What to do when they are sure it was the database... all the time

By Kendra Little on August 15, 2023

It can be tiring to have the database constantly be the Prime Suspect for performance problems.

There’s a right way and a wrong way to handle it.

I’ve had so many variations of this conversation over the years:

Four panel cartoon titled Database Vibes. A raccoon asks a corgi about a perf problem at noon, they were pretty sure it was the database. The corgi asks if they checked monitoring, because not much was happening then. The raccoon says they are pretty sure it's the database, it has a vibe. The corgi asks what color they would say the vibe is, and if it has a smell?

Something happened, and we’re pretty sure it was the database. Again.

The wrong way to handle this is to dismiss the concern, OR to just perform health checks without addressing the frequent questioning.

Frequent vibe checks indicate an underlying problem

It can be annoying to be interrupted. Sometimes it feels like everyone is always blaming the database. And sometimes it feels like people simply don’t want to do things themselves.

But usually, there’s an underlying problem where people feel like they can’t tell the health of the database without asking a specialist, and probably having to wait for the answer. People don’t usually like to wait, they want to get on with their day.

Does someone asking, “hey, was something up with the database?” have a way to:

  • Review utilization and query runtime for the time in question?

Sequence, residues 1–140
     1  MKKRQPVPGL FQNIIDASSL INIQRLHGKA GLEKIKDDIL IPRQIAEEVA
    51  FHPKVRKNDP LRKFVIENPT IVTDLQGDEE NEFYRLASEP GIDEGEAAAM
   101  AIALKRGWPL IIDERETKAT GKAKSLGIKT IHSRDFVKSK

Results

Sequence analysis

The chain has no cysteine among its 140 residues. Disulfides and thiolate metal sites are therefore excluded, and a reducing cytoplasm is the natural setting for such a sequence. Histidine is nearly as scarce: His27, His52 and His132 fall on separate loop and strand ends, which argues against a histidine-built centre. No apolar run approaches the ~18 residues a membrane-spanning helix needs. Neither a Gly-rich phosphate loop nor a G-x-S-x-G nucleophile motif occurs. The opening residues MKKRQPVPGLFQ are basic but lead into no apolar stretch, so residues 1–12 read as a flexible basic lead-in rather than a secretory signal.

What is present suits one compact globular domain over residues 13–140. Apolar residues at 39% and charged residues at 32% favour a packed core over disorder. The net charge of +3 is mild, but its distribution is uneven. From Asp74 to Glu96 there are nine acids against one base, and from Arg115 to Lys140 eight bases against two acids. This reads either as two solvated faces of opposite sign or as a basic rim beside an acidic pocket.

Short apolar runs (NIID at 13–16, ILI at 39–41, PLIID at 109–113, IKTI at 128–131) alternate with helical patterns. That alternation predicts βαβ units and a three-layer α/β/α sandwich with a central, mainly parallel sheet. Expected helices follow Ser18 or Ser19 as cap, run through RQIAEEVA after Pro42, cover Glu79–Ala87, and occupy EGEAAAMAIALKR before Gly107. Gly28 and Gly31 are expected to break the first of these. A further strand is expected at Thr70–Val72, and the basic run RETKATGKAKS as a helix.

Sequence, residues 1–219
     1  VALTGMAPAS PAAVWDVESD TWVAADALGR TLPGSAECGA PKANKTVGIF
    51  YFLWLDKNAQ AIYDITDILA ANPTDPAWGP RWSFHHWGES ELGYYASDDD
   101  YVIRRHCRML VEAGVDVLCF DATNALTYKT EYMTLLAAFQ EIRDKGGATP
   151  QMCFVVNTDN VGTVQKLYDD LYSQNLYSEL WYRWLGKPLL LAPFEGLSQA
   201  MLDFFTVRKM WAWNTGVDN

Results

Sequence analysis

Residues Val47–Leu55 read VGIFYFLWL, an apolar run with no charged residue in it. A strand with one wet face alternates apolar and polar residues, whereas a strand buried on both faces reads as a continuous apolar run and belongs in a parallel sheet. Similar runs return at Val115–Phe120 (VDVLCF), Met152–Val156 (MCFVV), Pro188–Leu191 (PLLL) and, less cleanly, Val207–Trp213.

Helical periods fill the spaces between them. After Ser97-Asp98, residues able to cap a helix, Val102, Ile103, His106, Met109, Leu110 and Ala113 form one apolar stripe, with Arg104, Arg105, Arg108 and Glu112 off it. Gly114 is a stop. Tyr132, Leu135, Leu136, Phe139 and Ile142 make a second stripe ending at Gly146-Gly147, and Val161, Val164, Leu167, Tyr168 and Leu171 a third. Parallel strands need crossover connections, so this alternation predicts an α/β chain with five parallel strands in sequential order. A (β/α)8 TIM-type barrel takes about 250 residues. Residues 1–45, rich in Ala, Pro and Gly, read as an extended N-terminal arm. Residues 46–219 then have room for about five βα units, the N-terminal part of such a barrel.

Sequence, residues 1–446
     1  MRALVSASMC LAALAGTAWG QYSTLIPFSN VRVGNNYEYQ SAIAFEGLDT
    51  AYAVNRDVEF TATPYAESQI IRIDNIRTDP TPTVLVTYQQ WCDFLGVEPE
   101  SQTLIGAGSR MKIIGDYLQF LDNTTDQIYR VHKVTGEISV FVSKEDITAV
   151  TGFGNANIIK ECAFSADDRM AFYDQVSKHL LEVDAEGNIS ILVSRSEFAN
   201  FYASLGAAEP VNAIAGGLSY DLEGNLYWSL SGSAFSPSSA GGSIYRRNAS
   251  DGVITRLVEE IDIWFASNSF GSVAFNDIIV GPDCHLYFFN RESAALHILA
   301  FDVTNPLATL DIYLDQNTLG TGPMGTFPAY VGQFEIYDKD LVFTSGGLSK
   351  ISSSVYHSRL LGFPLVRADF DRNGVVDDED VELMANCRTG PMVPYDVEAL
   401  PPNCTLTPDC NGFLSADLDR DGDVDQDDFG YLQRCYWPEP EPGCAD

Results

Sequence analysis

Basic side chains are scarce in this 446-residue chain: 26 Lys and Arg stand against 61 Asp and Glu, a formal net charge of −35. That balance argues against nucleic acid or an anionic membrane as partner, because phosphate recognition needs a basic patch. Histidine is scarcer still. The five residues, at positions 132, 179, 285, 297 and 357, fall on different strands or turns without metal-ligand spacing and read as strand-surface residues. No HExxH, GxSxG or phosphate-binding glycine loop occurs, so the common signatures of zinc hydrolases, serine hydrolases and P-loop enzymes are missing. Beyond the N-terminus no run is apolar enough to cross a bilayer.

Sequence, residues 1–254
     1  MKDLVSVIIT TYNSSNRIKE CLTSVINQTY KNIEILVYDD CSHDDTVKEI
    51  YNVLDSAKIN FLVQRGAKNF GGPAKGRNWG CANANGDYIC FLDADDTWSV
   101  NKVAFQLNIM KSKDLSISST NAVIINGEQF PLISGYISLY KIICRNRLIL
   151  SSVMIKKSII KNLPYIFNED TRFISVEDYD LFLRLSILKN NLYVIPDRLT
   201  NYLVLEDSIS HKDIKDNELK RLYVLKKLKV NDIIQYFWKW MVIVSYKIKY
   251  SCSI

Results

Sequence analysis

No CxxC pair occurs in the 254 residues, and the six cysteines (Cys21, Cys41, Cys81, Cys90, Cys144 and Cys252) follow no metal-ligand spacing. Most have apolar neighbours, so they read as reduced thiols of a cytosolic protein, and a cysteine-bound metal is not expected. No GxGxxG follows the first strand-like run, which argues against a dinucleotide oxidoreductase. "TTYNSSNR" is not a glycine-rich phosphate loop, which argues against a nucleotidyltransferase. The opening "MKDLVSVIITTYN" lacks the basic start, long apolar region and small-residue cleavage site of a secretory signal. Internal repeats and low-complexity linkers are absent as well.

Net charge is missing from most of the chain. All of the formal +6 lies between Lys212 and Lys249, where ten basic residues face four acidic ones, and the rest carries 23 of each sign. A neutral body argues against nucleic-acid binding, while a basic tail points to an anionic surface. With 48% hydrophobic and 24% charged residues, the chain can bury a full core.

• Check what wait stats were in the time period and compare them to a baseline?
  • Check the ​database logs​ for errors or odd messages?

If they have a way to do this, is it easy for them to remember how to do it and access it? Could a custom report or a set of instructions help them run through the process more easily?

Talk to your questioner about what types of tooling, information, or processes could help them get this information themselves, without having to wait.

“Ack! I don’t have time for that!”

These tools or processes may not be things that you can stop and create immediately, and that’s fine.

When having this discussion, think about yourself as a type of “product manager” for working with the database. You aren’t volunteering to do things, and it’s fine to be clear about that. The important thing is to explore and understand your customer’s problem, and why it isn’t easy for them to do this yourself. That can be valuable information on how your team can work with others better, and can be a cause that you can champion (even if you aren’t doing the work yourself) in the future.

It’s also valuable to set expectations clearly. It’s great to tell your coworker that your plate is full, and you may not be able to solve their bigger problem immediately, but that you’d like to learn more about it so that you can share it with your team.

But I’m just a DBA

More and more, seniority in tech roles isn’t purely about coding skills or deep technical knowledge. It’s also about:

  • Understanding your customers, their pain points, and why they choose specific tools and processes.
  • Advocating for ways to help your customers work better, and including them in relevant conversations so they can advocate for themselves.
  • “Leading up” and get time allocated to get work done for your customers– even if you aren’t doing it yourself.

In other words, situations like this are truly opportunities.

Don’t get trapped in thinking that your value is in being the one to manually answer these questions as they come up on an individual basis. There’s an even greater value you can give in helping equip people to answer these questions themselves! Don’t worry– there will always be harder questions that they will come back to you for later.

No matter how hard you try to automate yourself out of a job, in my experience it only helps your career.